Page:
176         // (which actually gets displayed before the queued

  177         // string gets executed, but anyway)

  178 

  179         ed.WriteMessage("\nSaved to: \"" + dwgPath + "\"");

  180 

  181         _count++;

  182       }

  183     }

  184 

  185     // Our LISP-registered continuation function to create a

  186     // command tool on our tool palette

  187 

  188     [LispFunction("TP-CREATE")]

  189     public ResultBuffer CreateToolPaletteCommand(

  190       ResultBuffer rb

  191     )

  192     {

  193       const int RTSTR = 5005;

  194 

  195       Document doc =

  196         Application.DocumentManager.MdiActiveDocument;

  197       Editor ed = doc.Editor;

  198 

  199       if (rb == null)

  200       {

  201         ed.WriteMessage("\nError: too few arguments.");

  202       }

  203       else

  204       {

  205         // We're only interested in the first two arguments

  206 

  207         Array args = rb.AsArray();

  208         if (args.Length != 2)

  209         {

  210           ed.WriteMessage(

  211             "\nError: wrong number of arguments."

  212           );

  213         }

  214         else

  215         {

  216           // First argument is the name, second is the path

  217           // to the script

  218 

  219           TypedValue tv1 = (TypedValue)args.GetValue(0);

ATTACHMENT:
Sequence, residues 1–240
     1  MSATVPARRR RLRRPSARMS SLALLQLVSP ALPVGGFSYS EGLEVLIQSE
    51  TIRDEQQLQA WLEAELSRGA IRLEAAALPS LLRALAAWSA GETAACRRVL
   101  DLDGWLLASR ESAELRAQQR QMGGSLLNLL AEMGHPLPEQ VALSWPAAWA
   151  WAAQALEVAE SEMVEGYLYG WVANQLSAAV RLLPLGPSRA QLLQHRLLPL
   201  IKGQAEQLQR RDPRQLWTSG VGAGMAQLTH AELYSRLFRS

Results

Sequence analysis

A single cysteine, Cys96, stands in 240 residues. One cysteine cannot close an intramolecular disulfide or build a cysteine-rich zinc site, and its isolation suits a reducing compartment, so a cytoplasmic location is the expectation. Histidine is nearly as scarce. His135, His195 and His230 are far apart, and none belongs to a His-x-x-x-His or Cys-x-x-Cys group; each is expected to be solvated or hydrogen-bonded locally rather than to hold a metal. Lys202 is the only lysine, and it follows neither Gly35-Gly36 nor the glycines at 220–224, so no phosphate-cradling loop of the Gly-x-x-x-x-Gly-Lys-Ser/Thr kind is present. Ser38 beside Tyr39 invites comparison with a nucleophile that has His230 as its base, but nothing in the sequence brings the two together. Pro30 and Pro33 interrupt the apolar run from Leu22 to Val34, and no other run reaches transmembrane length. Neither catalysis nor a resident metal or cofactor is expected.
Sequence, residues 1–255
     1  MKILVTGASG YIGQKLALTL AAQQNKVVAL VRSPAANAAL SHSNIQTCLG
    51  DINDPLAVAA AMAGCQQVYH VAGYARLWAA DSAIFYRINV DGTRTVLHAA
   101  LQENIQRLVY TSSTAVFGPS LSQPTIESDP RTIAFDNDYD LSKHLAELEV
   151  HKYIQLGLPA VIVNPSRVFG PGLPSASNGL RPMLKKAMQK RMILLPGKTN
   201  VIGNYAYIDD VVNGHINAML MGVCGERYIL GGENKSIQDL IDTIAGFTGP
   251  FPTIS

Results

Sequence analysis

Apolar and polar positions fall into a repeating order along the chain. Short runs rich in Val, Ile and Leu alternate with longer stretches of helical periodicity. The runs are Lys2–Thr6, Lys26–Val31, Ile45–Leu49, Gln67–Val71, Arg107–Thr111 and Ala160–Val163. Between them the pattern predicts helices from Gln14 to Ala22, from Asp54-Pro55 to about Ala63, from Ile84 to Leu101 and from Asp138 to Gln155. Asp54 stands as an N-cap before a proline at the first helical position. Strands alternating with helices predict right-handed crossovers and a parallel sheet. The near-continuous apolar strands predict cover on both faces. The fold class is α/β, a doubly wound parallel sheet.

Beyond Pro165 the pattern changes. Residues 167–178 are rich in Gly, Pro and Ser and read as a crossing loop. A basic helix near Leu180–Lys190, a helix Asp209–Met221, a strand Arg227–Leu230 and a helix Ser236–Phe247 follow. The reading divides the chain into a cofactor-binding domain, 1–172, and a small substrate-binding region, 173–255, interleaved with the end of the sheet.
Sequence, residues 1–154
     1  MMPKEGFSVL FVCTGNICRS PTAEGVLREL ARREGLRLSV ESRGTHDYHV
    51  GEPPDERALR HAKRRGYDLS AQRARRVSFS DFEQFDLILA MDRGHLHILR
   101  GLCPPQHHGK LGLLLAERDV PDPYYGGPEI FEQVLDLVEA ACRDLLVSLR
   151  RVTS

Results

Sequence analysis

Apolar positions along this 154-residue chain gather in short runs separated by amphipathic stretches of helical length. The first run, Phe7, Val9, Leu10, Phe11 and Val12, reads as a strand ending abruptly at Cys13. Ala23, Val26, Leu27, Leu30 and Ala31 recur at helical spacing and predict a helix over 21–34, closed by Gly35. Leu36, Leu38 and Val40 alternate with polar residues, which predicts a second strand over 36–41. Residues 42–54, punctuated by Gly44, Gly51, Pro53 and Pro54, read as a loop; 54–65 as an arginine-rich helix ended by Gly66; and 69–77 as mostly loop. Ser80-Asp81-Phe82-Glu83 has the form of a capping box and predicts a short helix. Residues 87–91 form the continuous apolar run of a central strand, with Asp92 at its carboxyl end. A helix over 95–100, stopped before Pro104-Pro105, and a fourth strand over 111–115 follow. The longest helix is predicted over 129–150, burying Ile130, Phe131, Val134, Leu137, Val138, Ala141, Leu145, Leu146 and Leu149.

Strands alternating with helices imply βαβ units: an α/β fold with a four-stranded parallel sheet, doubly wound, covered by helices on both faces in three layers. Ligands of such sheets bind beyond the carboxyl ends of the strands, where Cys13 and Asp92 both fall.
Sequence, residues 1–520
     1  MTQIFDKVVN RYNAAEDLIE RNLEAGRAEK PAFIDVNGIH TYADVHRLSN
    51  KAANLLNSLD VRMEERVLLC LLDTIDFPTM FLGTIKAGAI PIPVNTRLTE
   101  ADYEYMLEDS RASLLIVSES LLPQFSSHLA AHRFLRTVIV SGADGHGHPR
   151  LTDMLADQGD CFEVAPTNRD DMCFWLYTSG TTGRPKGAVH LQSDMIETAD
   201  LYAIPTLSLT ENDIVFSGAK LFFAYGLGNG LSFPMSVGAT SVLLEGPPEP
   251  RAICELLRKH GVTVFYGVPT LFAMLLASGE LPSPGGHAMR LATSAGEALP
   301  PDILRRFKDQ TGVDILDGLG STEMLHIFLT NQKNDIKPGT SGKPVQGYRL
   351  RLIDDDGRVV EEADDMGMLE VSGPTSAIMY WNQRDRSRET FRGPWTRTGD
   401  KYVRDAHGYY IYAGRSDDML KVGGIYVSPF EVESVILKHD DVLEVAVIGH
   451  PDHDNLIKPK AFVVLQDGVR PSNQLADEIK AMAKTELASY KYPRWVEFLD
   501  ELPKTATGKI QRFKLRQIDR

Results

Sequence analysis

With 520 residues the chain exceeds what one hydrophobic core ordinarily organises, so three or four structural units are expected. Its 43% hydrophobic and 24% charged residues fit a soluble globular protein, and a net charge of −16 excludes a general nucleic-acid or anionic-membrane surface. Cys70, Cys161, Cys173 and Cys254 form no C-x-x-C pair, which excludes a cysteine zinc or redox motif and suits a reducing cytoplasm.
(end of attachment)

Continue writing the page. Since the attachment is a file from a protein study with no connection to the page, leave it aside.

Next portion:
220           TypedValue tv2 = (TypedValue)args.GetValue(1);

  221 

  222           if (tv1 != null && tv1.TypeCode == RTSTR &&

  223               tv2 != null && tv2.TypeCode == RTSTR)

  224           {

  225             string name = Convert.ToString(tv1.Value);

  226             string lspScrPath = Convert.ToString(tv2.Value);

  227             string scrPath =

  228               lspScrPath.Replace(lspSep, pthSep);

  229             bool success =

  230               CreateCommand(doc.Database, name, scrPath);

  231             return

  232               (success ?

  233                 new ResultBuffer(

  234                   new TypedValue(RTSTR, tv1.Value)

  235                 )

  236                 : null);

  237           }

  238         }

  239       }

  240       return null;

  241     }

  242 

  243     // Function to add a command tool to our tool palette to

  244     // execute the script

  245 

  246     private bool CreateCommand(

  247       Database db,

  248       string name,

  249       string scrPath

  250     )

  251     {

  252       const string catName = "ScriptCatalog";

  253       const string palName = "Scripts";

  254 

  255       ToolPaletteManager tpm = ToolPaletteManager.Manager;

  256 

  257       // Get the GUID of our dummy custom tool

  258 

  259       Type t = typeof(DummyTool);

  260       GuidAttribute ga =

  261         (GuidAttribute)t.GetCustomAttributes(

  262           typeof(GuidAttribute), false)[0];

  263       Guid g = new Guid(ga.Value);

  264 

  265       // Instanciate our dummy tool - this will allow us to use

  266       // its helper functions

  267 

  268       DummyTool tool = new DummyTool();

  269       Catalog cat;

  270       Palette pal = null;

  271 

  272       // First we check whether our GUID is in a catalog

  273 

  274       CatalogItem ci = tpm.StockToolCatalogs.Find(g);

  275       if (ci != null)

  276       {

  277         // If it is, search each catalog for our palette

  278 

  279         foreach(CatalogItem ci2 in tpm.Catalogs)

  280         {